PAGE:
Strike balance between technology and need to protect privacy

The DNA Profiling Bill, which proposes to create a database with sensitive personal data, is to be tabled in parliament. The apprehension that it may be subjected to misuse and violate the right to privacy is not misplaced as there is hardly any safeguard against it.

Recently, the Attorney General took a position in the Supreme Court, in a case relating to a unique bio-metric ID (Aadhaar), that the right to privacy is not a fundamental right.

This has led to concerns about this right and raised the hackles of those who feel that the right is inviolate. The AG was replying to the question whether making people reveal personal data would not amount to intruding into their privacy, and he defended the Aadhaar scheme and the need to have personal data as several national programmes and schemes are being implemented and pilferage could ne checked through IT platforms using computerised data collected from citizens.

Technology has huge advantage that makes things easier and transparent like transfer of cash to beneficiaries directly to their bank accounts in which kickbacks are not required to be given. But it also exposes people to huge unanticipated risks and their is privacy compromised as cyber crime is a big threat. So, a balance needs to be struck between advantages of technology and the need to protect privacy and prevent its misuse.

There is a need to protect the right to privacy, which is recognised as part of the right to personal liberty, irrespective of the fact whether the SC has stated it in express terms or not. The Planning Commission had appointed a group of experts headed by former chief justice of the Delhi High Court A P Shah to make recommendations in this regard.

The committee, in its comprehensive report (2012), recommended a framework for a Privacy Act which would recognise all dimensions of the right to privacy and address concerns about data safety, protection from unauthorised interception, surveillance, use of personal identifiers and bodily privacy. It is not fully correct to say that there is no fundamental right to privacy. New Delhi has ratified the International Covenant on Civil and Political Rights in which there is a specific reference to the right to privacy.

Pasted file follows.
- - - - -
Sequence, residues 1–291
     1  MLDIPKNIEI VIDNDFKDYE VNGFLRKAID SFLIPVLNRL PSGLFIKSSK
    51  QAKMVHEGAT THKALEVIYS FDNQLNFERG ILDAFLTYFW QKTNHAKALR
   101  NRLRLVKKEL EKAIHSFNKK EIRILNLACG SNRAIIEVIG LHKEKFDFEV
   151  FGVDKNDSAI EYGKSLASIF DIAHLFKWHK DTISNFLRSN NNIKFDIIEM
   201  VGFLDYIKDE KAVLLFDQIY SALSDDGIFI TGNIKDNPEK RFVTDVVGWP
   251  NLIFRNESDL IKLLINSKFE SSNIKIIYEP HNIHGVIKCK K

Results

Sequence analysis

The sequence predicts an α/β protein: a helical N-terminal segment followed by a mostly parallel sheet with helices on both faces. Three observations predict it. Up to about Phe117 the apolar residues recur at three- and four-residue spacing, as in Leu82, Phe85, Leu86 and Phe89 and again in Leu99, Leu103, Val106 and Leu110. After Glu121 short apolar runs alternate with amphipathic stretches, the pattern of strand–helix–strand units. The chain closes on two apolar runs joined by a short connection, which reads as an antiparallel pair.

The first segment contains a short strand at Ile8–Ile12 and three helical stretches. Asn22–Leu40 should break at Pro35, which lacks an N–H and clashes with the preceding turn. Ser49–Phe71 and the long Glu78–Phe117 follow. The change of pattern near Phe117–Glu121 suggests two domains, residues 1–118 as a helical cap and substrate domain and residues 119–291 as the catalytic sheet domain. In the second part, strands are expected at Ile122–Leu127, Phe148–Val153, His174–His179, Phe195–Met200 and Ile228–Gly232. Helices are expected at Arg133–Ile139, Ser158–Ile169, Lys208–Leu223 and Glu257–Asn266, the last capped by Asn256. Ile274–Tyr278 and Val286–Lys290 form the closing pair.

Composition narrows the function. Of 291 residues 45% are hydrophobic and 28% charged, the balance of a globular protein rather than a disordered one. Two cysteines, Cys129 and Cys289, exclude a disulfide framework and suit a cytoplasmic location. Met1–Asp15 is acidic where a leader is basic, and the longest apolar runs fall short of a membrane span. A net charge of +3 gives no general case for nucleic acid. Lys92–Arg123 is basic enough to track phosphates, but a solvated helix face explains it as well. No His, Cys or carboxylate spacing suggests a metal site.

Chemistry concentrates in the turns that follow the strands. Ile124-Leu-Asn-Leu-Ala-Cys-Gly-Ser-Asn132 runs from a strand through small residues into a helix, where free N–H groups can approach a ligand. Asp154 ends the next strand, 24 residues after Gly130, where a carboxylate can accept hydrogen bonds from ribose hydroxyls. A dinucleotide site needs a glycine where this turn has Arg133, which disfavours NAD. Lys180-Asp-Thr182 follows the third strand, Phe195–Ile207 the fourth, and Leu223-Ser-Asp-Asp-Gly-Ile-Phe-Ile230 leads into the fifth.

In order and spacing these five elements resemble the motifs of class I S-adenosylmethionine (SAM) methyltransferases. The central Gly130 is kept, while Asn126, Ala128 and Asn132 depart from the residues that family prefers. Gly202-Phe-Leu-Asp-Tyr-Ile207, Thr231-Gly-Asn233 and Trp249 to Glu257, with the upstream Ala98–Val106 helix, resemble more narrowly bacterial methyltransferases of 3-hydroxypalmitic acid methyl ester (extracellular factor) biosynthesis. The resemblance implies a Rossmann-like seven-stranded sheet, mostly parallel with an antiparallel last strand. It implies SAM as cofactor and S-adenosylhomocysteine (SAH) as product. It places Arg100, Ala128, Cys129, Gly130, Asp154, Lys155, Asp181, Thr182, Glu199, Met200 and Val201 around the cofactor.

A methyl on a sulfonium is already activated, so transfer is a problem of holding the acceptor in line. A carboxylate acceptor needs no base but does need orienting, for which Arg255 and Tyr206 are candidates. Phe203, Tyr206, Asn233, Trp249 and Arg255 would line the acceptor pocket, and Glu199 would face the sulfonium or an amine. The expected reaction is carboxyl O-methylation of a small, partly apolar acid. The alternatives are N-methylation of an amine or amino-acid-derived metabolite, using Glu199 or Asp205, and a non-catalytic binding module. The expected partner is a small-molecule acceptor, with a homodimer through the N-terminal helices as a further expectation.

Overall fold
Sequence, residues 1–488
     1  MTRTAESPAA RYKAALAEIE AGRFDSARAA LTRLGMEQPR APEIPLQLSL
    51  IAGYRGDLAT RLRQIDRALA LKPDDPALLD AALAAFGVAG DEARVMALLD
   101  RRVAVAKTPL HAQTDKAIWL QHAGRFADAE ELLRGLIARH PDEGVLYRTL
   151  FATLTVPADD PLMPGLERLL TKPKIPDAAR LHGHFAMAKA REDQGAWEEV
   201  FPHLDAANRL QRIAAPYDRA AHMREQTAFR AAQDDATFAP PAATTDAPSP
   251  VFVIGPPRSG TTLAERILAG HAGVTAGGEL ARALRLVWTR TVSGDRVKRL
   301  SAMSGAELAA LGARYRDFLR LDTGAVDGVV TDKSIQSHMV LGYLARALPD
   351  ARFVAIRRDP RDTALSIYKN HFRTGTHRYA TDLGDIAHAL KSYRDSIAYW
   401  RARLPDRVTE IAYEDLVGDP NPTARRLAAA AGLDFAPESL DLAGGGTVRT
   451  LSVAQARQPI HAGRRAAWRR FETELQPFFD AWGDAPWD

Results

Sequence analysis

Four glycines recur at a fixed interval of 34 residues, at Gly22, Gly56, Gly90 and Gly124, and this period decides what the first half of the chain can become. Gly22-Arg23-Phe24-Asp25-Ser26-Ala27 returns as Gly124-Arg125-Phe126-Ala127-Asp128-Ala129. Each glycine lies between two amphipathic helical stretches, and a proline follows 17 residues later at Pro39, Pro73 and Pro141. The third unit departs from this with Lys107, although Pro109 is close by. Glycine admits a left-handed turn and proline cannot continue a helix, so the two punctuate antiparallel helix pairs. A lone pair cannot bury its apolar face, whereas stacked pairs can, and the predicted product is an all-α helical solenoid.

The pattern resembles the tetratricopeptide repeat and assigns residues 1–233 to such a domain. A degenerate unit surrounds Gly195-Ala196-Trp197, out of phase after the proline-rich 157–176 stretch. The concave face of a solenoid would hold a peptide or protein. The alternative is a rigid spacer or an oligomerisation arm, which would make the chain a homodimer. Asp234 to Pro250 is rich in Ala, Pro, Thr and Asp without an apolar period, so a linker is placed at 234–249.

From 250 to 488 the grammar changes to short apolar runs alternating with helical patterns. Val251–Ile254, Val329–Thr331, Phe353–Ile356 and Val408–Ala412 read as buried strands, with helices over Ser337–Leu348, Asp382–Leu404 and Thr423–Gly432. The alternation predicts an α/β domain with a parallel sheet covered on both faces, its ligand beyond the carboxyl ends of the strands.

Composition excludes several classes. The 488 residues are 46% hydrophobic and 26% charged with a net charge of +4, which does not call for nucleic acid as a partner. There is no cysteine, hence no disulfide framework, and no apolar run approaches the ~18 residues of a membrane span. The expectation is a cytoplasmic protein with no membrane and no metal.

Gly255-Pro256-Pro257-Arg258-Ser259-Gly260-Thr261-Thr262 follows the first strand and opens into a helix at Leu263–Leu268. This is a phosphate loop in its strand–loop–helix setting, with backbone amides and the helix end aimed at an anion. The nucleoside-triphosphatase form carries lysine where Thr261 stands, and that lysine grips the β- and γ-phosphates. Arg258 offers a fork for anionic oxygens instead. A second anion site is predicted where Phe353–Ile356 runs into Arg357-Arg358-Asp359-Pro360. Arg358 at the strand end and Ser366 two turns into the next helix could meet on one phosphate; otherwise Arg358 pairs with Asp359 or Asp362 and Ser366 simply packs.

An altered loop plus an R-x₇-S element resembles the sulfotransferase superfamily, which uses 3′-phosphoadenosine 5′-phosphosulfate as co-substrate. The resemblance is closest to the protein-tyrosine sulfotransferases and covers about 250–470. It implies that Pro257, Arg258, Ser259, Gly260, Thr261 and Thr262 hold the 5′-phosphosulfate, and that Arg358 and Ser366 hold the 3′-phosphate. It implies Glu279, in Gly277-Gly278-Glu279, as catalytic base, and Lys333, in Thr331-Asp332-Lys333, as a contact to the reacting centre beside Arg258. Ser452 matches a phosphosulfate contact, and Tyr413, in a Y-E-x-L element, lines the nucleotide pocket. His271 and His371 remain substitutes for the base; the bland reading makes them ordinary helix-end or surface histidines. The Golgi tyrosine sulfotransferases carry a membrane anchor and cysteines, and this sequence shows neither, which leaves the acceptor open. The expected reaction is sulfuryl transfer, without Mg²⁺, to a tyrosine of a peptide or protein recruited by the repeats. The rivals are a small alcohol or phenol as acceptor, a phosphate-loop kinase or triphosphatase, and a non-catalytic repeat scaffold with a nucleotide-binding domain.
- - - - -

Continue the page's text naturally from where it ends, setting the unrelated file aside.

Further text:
Indian tradition and customs have always respected this kind of privacy, and the courts were ahead of British and US courts in protecting this right. In 1888, Chief Justice Edge of the Allahabad High Court observed, “In my opinion, the fact that there is no such custom of privacy known to the law of England can have no bearing on the question whether there can be in India a usage or custom of privacy valid in law.”

Advocating the right to privacy for the British nationals on the basis of Indian cases, Percy H Winfield passionately appealed to the House of Commons in 1931 in these words, “The Indian cases have been referred to not, of course, for the purpose of urging their application to the different particular circumstances which prevail in England, but as an illustration of the pliability of Indian law where the need of protecting privacy has been felt.”

Section 509 of the IPC, 1860, makes it a crime to intrude into the privacy of a woman. It was not imported from England, nor a novel contribution of Thomas Babington Macaulay, but just a codification of the long-established tradition obtaining in India. Our classical literature and epics expounded the law of privacy with this concept as the central theme, and the king, under a moral obligation to uphold ‘dharma’, had to respect the privacy of the citizen.

Even Kautilya, in his Arthashastra, while dealing with the problem of national security risk, recommended the employment of spies but did not assign to them the role of eavesdropper. Rather, he urged the royal spies to sneak into the congregation of people in pairs and stir a debate on the affairs of the state. 

Cherished right

In the Mahabharata also, we find how privacy was respected. Draupadi was the common wife of the five Pandava brothers. To avoid embarrassment, a rule was made that if any one of them happened to see Draupadi in company of any brother he would have to undergo banishment for 12 years in the forest as a brahmachari.

Once it so happened that while Draupadi was with Yudhishthira in a room, Arjun was immediately required to collect his weapons kept in that room. Not finding any alternative, Arjun had to intrude into their privacy, violating the rule. But then he presented himself for undergoing the prescribed punishment.

In the ancient Indian society, we had the concept of “Sarve sve sve grihe raja” (Every man is a King in his own house). The British evolved a similar theory that every man is a king in his own castle. John Stuart Mill categorised the action of man into two classes, self-regarding and other-regarding, and declared that no one has any right to question or snoop into an action that is self-regarding. One needs to sink into the oasis of privacy for various reasons which means exclusion of others from one’s life.

US President Richard Nixon had to bow out of office following the revelation that he had installed tape recording system in the Watergate office complex in Washington DC and had tape recorded the conversations of some of his party men. He had done it to cover up his own misdeeds. But he had to resign on August 9, 1974, and thus, became the only US president to resign so far.

The idea of privacy is an anathema to a totalitarian state which condemns it as “immoral”, “anti-social” and “part of the cult of individualism”. But in democratic countries, it is a cherished right. Intrusion into privacy involves tort. It has been explained by the California court in Melvin v. Reid (1931).

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